It’s a video flush with Nintendophile Easter eggs, a 30 second argument for the company’s imminent Nintendo Switch hybrid home/mobile game system — due March 3 for $299 — told in 2 or 3 second slices of tag-along familiarity. And it marks Nintendo’s maiden foray into the coveted, hyper-scrutinized world of one of the most visible Western media events of the year.
Yes, it’s also effectively a promotional spot for The Legend of Zelda: Breath of the Wild, the company’s sandbox take on its beloved action-adventure series about a young boy who does battle with nefarious forces. That alone speaks volumes about the company’s demographic launch mindset. To say nothing of the casually tatted millennial player in the ad, a recurring, non-accidental theme in Nintendo’s Switch marketing to this point. Or that the whole thing is scored with a new tune called “Believer” from alt-rockers Imagine Dragons in a kind of just-as-edgy sequel to White Denim’s “Ha Ha Ha Ha Yeah” last October.
Read more: Nintendo Switch: Everything you need to know
But the pitch to that crucial Nintendo core is also for a device that can go anywhere they want to be. As touchable and totable as a smartphone or tablet, sure, but also deeply unlike those devices, with core gamer thumb-sticks and buttons, a dock that lets players plug into their giganto-TVs, and above all else, a next-gen linchpin for Nintendo’s Disney-caliber IP.
“There’s no bigger stage in the U.S. on which to showcase the platform. I think it speaks to our confidence in the system,” says Nintendo marketing honcho Nick Chavez when asked why the company picked the Super Bowl, where the New York Times reports the average cost of a 30-second spot this year rose to $5 million.
Why pay that kind of mad money for 30 fleeting seconds of publicity? Follow the numbers. Last year’s Super Bowl 50 was the third largest in Super Bowl history, coming in at just under 112 million viewers, according to Nielsen. That’s an accomplishment that still probably understates net totals given it doesn’t take into account people watching out of home (at bars, say, or gathered at parties), or who stream the game over the Internet.
Read more: The 25 most influential Super Bowl ads of all time
Nintendo chose its new Zelda title to carry the Switch out of the gate as an intentionally unambiguous love letter to fans of the series, who’ve also spent the last half-decade with go-anywhere fantasy epics like The Elder Scrolls: Skyrim, Red Dead Redemption and The Witcher 3: Wild Hunt. And in 2017, those fans are no longer just kids, as part of gaming’s vanguard who first touched the series three decades ago.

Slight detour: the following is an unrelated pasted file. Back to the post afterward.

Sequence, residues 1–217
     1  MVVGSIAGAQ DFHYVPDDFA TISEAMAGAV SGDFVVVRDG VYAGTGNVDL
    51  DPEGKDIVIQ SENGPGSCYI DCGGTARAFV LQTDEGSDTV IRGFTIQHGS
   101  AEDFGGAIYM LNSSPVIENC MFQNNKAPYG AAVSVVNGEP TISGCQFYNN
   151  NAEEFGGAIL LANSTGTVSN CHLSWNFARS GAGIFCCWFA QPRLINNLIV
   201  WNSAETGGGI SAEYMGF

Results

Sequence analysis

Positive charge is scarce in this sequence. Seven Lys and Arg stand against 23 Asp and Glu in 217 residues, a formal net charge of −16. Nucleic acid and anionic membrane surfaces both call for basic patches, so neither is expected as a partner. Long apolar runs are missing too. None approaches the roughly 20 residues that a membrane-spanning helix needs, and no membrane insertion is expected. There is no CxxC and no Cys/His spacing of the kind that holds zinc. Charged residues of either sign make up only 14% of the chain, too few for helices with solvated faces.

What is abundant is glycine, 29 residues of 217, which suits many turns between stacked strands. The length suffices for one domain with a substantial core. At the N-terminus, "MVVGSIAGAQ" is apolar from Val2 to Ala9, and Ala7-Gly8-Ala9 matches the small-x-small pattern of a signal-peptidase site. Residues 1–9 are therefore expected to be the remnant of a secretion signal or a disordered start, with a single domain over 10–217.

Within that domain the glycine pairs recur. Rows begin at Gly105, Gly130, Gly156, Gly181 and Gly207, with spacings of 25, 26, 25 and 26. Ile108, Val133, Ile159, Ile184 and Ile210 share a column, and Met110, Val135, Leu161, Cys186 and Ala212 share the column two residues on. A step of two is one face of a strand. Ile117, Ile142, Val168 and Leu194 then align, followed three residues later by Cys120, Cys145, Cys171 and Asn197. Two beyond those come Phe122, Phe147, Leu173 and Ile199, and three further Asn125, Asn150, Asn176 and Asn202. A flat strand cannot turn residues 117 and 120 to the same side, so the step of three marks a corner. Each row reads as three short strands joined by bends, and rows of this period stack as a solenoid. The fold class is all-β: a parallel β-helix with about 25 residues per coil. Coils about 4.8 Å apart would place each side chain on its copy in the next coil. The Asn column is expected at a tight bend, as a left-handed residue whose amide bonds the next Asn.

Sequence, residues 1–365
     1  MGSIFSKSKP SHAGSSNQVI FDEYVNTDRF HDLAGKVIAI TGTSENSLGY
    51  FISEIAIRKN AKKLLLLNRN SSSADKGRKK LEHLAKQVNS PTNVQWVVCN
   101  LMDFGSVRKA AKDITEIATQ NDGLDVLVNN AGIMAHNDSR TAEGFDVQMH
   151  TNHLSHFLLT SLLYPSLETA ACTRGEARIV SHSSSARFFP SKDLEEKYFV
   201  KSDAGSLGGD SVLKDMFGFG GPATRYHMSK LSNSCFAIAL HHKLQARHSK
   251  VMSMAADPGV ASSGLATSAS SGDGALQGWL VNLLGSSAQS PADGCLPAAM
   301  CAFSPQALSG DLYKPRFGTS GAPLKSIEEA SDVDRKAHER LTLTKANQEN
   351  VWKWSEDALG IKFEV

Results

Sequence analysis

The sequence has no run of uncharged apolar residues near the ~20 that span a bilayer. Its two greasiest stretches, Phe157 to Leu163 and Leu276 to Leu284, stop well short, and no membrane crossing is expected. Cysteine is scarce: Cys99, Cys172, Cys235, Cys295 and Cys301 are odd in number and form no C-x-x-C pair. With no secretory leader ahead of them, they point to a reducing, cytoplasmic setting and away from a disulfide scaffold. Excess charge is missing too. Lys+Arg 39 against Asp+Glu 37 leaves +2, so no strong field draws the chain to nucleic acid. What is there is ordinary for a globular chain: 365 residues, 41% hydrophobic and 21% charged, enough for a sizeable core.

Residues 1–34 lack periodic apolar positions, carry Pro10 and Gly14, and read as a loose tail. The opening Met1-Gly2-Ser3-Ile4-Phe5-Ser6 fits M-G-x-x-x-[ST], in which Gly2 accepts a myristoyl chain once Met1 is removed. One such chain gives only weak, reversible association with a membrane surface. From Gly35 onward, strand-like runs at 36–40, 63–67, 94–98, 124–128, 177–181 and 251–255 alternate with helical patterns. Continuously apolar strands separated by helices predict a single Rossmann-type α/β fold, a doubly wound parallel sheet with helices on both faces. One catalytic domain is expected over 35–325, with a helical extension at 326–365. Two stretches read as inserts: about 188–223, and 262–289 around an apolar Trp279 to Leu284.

“Think about your 40- to 45-year-old parent who has really fond memories of playing Zelda growing up, sitting there watching Super Bowl with their 10- or 12-year-old child who maybe hasn’t experienced Zelda yet,” says Chavez. There you go.
What’s more, Chavez says the “a day in the life” framing of the 30 second spot (notice the player never leaves his abode) came from feedback after Nintendo aired its first look videos in October: “We heard from U.S. gamers that they were tremendously excited about the proposition [of Switch], and that they couldn’t wait to experience the power of a home console portably within their own homes. Not only inside the home and outside, but just moving from room to room.” Chavez says Nintendo shared that feedback with the company’s counterparts in Japan, culminating in the Super Bowl ad (look for it to air during the game’s fourth quarter), where the player carries the experience seamlessly from bed to breakfast to couch.
But there’s also a 90 second version of the ad, an “extended cut” that’s also viewable today (see below), and it’s touting a more nuanced, manifold message. If the 30 second Zelda spot is Nintendo-Switch-as-binary — the home/mobile hybrid concept for the core gamer — the 90 second one is a tale of alternate play and player scenarios. Like the Switch’s next-gen Wii motion controls and haptic buzzing feedback, aimed at the sort of category-defiant player who, after the Wii’s catalytic mid-2000s boom, would go on to embrace mobile devices and experiences like Angry Birds or Temple Run on up to last year’s Pokemon Go. Call this 90 second cut a glimpse of the broader arc in the company’s bid for that grander, harder to reach, but potentially tectonic-if-won-over audience.
Expect the marketing barrage to continue even after the Super Bowl. “This isn’t just a six to eight week launch campaign,” says Chavez, referring to the Switch’s hands-on reveal in early January through to its launch on March 3. “This is really a 15 month campaign for us, to say nothing of our plans for 2018. You’re going to see a number of other touch points, including additional 30 or 60 second executions in the coming weeks that emphasize the full proposition, meaning those multiple demographics, including kids, teenagers, young adults, parents, active gamers, casual gamers and so forth.”
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